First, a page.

Daily brief: Security concerns precede Loya Jirga opening

The Rack: Ron Moreau and Sami Yousafzai, "Dueling Manifestos" (Newsweek). Best-laid plans The Taliban released a 27-page document on their website this weekend that they claimed was the official security plan for a Loya Jirga, or traditional meeting, of local Afghan leaders and elders scheduled to be convened this week (BBC, CNN, AP, AJE, WSJ). ...

SHAH MARAI/AFP/Getty Images
SHAH MARAI/AFP/Getty Images
SHAH MARAI/AFP/Getty Images

The Rack: Ron Moreau and Sami Yousafzai, "Dueling Manifestos" (Newsweek).

Best-laid plans

The Taliban released a 27-page document on their website this weekend that they claimed was the official security plan for a Loya Jirga, or traditional meeting, of local Afghan leaders and elders scheduled to be convened this week (BBC, CNN, AP, AJE, WSJ). Afghan and NATO officials denied the Taliban claim, as Afghan forces shot and killed a suicide attacker reportedly carrying a bag of explosives Monday near the tent where the meeting is set to take place (Reuters, AFP). And Afghan opposition figure Abdullah Abdullah announced Sunday that he would not take part in the jirga, calling the assembly -- which is set to bring together 2,000 Afghan leaders to discuss Afghanistan's relationship with the United States and peace talks with the Taliban -- "contrary to Afghanistan's constitution" (AFP, Tel, Post, AP, DT).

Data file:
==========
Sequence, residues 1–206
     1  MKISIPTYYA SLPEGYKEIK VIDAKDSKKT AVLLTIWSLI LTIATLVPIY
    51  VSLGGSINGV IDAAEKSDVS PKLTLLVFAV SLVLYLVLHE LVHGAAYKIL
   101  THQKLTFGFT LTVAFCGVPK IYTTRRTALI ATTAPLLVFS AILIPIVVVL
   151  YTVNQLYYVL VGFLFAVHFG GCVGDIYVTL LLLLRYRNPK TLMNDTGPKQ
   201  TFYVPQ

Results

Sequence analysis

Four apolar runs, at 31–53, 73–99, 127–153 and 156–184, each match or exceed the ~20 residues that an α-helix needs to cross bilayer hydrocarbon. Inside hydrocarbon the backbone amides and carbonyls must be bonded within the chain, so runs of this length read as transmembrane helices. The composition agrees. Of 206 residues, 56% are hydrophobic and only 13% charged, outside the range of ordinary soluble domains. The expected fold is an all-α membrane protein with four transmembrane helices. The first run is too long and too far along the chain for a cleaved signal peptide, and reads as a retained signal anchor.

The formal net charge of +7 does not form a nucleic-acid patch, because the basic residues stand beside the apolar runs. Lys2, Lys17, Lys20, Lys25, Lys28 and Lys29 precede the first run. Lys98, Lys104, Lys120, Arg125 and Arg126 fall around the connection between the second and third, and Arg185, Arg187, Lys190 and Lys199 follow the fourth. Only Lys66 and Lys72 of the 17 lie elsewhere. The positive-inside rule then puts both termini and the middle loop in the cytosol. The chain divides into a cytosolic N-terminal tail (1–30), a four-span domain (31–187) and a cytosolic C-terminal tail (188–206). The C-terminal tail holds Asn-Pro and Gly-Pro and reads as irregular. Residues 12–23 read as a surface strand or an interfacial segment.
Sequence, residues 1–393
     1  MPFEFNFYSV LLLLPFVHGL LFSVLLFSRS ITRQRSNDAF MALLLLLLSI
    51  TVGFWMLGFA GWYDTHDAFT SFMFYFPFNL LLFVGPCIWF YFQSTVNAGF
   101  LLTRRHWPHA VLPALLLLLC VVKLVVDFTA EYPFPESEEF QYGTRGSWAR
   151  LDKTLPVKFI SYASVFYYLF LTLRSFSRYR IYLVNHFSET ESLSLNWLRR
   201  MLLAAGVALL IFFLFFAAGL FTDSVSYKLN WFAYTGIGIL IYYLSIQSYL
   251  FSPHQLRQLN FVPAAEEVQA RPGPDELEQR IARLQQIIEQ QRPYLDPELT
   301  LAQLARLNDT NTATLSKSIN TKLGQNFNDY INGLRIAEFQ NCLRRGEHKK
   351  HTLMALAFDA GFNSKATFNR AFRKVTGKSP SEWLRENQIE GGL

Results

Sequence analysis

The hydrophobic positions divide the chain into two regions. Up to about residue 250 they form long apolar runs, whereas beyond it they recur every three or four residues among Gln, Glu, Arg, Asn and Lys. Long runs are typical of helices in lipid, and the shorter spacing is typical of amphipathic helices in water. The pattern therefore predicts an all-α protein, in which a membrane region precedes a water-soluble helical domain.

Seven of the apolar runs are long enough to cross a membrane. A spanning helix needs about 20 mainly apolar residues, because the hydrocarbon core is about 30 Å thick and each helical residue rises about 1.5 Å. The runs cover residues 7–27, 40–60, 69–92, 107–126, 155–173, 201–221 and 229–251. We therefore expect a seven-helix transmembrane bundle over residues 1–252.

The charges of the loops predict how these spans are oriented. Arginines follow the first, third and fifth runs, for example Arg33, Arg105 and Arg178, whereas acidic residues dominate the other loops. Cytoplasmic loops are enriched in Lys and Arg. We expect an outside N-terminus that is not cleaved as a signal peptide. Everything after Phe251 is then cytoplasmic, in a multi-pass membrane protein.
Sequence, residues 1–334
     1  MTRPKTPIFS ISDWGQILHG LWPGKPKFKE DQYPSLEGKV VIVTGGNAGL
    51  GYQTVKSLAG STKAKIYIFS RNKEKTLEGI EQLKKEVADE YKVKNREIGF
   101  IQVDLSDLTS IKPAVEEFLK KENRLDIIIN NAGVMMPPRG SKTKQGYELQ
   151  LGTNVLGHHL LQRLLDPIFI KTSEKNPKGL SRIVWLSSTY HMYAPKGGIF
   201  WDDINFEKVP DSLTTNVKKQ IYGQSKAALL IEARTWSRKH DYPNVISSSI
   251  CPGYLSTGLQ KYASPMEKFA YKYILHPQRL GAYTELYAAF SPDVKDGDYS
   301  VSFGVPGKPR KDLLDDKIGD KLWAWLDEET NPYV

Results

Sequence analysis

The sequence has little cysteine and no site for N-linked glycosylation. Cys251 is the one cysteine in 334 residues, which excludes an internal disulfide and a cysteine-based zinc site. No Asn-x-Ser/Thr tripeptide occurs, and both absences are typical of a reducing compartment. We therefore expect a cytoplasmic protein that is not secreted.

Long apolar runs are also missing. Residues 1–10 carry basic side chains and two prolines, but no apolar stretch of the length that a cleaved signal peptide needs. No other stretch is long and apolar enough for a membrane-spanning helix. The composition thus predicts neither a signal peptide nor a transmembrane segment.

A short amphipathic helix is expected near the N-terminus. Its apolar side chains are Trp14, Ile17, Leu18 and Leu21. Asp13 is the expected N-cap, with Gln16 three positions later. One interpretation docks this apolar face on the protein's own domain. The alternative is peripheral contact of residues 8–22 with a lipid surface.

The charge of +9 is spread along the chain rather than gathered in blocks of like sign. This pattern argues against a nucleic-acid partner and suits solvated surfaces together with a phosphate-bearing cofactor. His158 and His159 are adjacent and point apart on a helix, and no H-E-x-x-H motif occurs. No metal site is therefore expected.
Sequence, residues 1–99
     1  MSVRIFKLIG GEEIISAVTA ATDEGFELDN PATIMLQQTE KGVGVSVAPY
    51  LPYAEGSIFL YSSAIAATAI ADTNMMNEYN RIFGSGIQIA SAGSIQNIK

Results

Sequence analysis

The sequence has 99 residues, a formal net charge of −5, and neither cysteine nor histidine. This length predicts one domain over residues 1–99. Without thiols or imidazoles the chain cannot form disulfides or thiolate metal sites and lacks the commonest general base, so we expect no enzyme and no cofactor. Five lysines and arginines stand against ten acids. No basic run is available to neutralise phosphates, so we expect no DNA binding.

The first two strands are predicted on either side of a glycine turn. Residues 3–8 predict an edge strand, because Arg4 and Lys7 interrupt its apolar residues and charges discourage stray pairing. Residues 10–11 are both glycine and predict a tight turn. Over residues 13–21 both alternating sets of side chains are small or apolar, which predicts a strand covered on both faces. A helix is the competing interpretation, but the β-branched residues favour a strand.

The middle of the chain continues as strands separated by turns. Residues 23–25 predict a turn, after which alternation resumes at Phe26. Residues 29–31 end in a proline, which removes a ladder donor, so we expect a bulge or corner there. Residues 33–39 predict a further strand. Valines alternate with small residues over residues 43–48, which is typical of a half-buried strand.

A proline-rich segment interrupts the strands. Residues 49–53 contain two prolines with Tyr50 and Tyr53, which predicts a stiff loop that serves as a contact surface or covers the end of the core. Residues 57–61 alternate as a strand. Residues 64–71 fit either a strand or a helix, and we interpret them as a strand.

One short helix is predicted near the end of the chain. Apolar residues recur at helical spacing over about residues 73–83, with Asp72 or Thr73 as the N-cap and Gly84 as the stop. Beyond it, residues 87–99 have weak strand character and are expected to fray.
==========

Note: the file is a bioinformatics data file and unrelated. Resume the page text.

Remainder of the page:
The Rack: Ron Moreau and Sami Yousafzai, "Dueling Manifestos" (Newsweek).

Best-laid plans

The Taliban released a 27-page document on their website this weekend that they claimed was the official security plan for a Loya Jirga, or traditional meeting, of local Afghan leaders and elders scheduled to be convened this week (BBC, CNN, AP, AJE, WSJ). Afghan and NATO officials denied the Taliban claim, as Afghan forces shot and killed a suicide attacker reportedly carrying a bag of explosives Monday near the tent where the meeting is set to take place (Reuters, AFP). And Afghan opposition figure Abdullah Abdullah announced Sunday that he would not take part in the jirga, calling the assembly — which is set to bring together 2,000 Afghan leaders to discuss Afghanistan’s relationship with the United States and peace talks with the Taliban — "contrary to Afghanistan’s constitution" (AFP, Tel, Post, AP, DT).

Nine Afghan civilians, including a woman, a child, and a newly-wed groom, were killed Saturday by a roadside bomb in the eastern province of Laghman (AJE, CNN, AFP, AP). Elsewhere, unidentified gunmen shot and killed an elder in the southern Nimroz province, while a bicycle bomb in Herat wounded two Afghan police officers and two civilians (AP). And NATO forces announced Monday that they had arrested Taliban spokesman Zabiullah Mujahid in Paktika province, though the man usually identified as Mujahid denied the news in phone calls with reporters (NYT, AP). Bonus read: Kate Clark, "Have the Taliban changed their tune?" (FP).